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Postpartum Fitness

As women give birth and start their journey into motherhood, it can be hard to find a balance between self care and being absolutely consumed with your new baby. You may begin to question yourself:

"Am I selfish for wanting time alone to work on myself?"

"How do I find the time to get back into fitness?"

"What workouts can I do?"


GUILT FOR WANTING TIME TO WORKOUT

One thing first, working on yourself and trying your best to live a healthy lifestyle is not only unselfish but essential for you and your baby! A healthy mom equals a healthy baby. When you work on yourself, you'll feel good about herself, you'll be happy. And as the saying goes a happy mom is a happy baby. Also there is now evidence to support the antidepressant effects of exercise for postpartum depression. Exercising helps against postpartum depression! So working on yourself is important. You are not only just a mom but a woman too!


FINDING THE TIME TO WORKOUT

Finding the time to workout as a new mom may be difficult but it is definitely not impossible! Once you and baby are in a set schedule, for example if your baby sleeps 4 times throughout the day for 3-4 hours. This is the perfect time to try some at home workouts. If your baby is not on a schedule and you're finding it difficult to time when your baby is up versus when your baby is asleep, try reaching out to your baby's dad or family member that you may live with to watch your baby for an hour or so for you to get your workout in. If that's not an option, you can always include your baby in your workout!


POSTPARTUM WORKOUTS AND TIMING

Once you have been cleared from your doctor, you may be wondering what workouts are safe for you to begin doing. If you had a vaginal birth without complications, and as long as you aren’t experiencing any red-flag symptoms you may begin doing modified pre-pregnancy exercises almost immediately after birth. You may start with your bodyweight or light weights (10 pounds or less) if you want to do some weightlifting, then increase intensity and duration slowly to your comfort level. The main thing is to listen to your body! If you had a vaginal birth with tearing, it can take two to three weeks for extensive (i.e. third- or fourth-degree) tears to heal. But you may start with walking and upper body exercises. Make sure to consult with your doctor first, you and your doctor know your body best! If you had a C-section, you should start walking the day after delivery if possible, or as soon as you feel that you are ready (this will boost your circulation, lower your risk of developing a blood clot and help with gas). However, as far as working out goes, you'll most likely want to wait until at least the six-week mark. Give yourself time to heal, you just had major surgery! It's ok to wait. Once you feel ready, again I must stress the importance of getting the ok from your doctor before beginning any workout.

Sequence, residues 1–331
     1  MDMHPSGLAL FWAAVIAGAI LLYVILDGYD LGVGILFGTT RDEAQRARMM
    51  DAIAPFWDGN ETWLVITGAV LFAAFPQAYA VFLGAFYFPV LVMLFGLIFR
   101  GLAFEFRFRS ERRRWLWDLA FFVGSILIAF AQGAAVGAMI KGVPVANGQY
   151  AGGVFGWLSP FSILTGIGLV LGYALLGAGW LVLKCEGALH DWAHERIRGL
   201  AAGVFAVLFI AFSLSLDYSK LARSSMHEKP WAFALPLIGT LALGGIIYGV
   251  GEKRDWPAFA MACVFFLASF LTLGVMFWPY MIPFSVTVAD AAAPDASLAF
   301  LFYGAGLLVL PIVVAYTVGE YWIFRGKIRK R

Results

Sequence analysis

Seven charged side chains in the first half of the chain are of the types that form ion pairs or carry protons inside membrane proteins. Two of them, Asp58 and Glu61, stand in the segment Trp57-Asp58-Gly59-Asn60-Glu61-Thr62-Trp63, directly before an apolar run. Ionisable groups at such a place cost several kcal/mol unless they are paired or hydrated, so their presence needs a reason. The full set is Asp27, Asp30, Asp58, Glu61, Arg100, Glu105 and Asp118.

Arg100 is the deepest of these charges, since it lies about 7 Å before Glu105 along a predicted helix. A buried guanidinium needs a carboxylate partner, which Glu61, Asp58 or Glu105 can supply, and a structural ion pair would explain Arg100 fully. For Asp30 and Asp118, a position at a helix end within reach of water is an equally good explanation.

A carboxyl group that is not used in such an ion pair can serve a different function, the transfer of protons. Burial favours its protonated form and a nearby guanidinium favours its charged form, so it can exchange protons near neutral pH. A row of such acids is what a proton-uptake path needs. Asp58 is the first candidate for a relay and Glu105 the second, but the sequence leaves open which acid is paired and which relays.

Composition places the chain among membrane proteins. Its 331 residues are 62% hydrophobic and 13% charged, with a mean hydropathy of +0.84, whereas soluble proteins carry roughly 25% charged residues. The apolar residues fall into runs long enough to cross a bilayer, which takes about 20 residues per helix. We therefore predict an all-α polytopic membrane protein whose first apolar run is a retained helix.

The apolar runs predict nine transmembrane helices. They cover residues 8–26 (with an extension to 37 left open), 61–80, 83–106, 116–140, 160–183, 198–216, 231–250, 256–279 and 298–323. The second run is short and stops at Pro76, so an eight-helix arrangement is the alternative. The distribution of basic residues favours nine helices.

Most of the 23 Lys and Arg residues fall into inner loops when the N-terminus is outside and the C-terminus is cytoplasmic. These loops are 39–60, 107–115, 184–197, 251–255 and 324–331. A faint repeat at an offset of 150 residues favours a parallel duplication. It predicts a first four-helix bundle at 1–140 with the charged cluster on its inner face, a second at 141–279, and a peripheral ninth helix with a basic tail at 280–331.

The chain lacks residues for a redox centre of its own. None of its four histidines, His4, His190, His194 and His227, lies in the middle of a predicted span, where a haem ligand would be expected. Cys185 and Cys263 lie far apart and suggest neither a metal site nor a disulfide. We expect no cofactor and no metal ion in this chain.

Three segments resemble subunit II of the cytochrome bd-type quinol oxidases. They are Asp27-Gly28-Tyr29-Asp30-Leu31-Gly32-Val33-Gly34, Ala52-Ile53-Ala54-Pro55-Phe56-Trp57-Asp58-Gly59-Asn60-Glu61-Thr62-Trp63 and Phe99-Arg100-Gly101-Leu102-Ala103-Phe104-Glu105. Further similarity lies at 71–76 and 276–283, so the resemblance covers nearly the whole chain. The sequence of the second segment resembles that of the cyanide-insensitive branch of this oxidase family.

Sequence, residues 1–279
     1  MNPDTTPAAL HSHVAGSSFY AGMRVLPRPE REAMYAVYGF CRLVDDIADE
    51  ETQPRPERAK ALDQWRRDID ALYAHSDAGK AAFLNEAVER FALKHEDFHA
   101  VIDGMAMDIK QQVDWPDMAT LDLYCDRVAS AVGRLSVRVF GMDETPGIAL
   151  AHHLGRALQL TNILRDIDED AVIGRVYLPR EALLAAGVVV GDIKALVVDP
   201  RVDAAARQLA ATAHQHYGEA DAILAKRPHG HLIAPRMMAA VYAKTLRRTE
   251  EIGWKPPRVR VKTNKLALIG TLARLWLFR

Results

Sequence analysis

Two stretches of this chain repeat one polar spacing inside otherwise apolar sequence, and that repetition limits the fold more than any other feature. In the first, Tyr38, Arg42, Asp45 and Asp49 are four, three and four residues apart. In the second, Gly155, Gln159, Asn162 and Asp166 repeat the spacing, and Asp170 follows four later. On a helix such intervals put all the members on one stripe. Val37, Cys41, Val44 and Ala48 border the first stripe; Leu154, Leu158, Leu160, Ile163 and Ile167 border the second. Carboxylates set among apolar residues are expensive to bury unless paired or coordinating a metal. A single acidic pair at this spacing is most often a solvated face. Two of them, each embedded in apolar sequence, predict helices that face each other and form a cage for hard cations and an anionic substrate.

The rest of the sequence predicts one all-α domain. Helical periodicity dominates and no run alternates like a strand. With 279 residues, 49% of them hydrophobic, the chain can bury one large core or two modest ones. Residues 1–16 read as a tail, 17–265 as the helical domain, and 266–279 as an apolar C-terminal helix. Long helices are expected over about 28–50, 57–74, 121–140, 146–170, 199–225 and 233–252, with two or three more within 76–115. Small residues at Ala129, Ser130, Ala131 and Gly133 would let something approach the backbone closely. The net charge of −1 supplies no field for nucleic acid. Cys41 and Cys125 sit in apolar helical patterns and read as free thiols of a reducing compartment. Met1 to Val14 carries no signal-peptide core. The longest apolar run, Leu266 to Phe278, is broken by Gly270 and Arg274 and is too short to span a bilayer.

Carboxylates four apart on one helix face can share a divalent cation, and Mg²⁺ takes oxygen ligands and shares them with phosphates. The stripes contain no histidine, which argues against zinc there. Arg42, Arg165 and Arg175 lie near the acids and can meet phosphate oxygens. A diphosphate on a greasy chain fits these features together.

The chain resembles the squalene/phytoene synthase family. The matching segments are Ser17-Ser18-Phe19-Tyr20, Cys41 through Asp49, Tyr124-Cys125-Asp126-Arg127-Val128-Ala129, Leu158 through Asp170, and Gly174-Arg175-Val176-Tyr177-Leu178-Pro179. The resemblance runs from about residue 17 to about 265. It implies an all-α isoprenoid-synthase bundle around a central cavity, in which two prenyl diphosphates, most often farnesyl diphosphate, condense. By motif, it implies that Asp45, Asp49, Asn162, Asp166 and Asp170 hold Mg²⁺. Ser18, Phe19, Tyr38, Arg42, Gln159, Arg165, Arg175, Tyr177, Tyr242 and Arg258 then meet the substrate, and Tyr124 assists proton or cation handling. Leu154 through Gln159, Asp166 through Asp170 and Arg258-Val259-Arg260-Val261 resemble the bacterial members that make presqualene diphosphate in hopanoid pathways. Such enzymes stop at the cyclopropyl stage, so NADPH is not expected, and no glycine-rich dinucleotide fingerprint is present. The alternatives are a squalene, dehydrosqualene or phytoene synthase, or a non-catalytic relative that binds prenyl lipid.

Some examples of postpartum workouts are :

1) Swiss ball glute bridge - ( it is great for pelvic floor and core stabilization. It works the abdominal muscles, glutes, quadriceps, and hamstrings.)

2) Side plank leg lift - (This will work your glutes, obliques, and to a lesser degree, the shoulder muscles.)

3) AND OF COURSE, walking!

Walking is safe postpartum for however your delivery experience was.



Remember not to be hard on yourself. If need be, give yourself time to heal. Listen to your body. You will know when and if you are ready!

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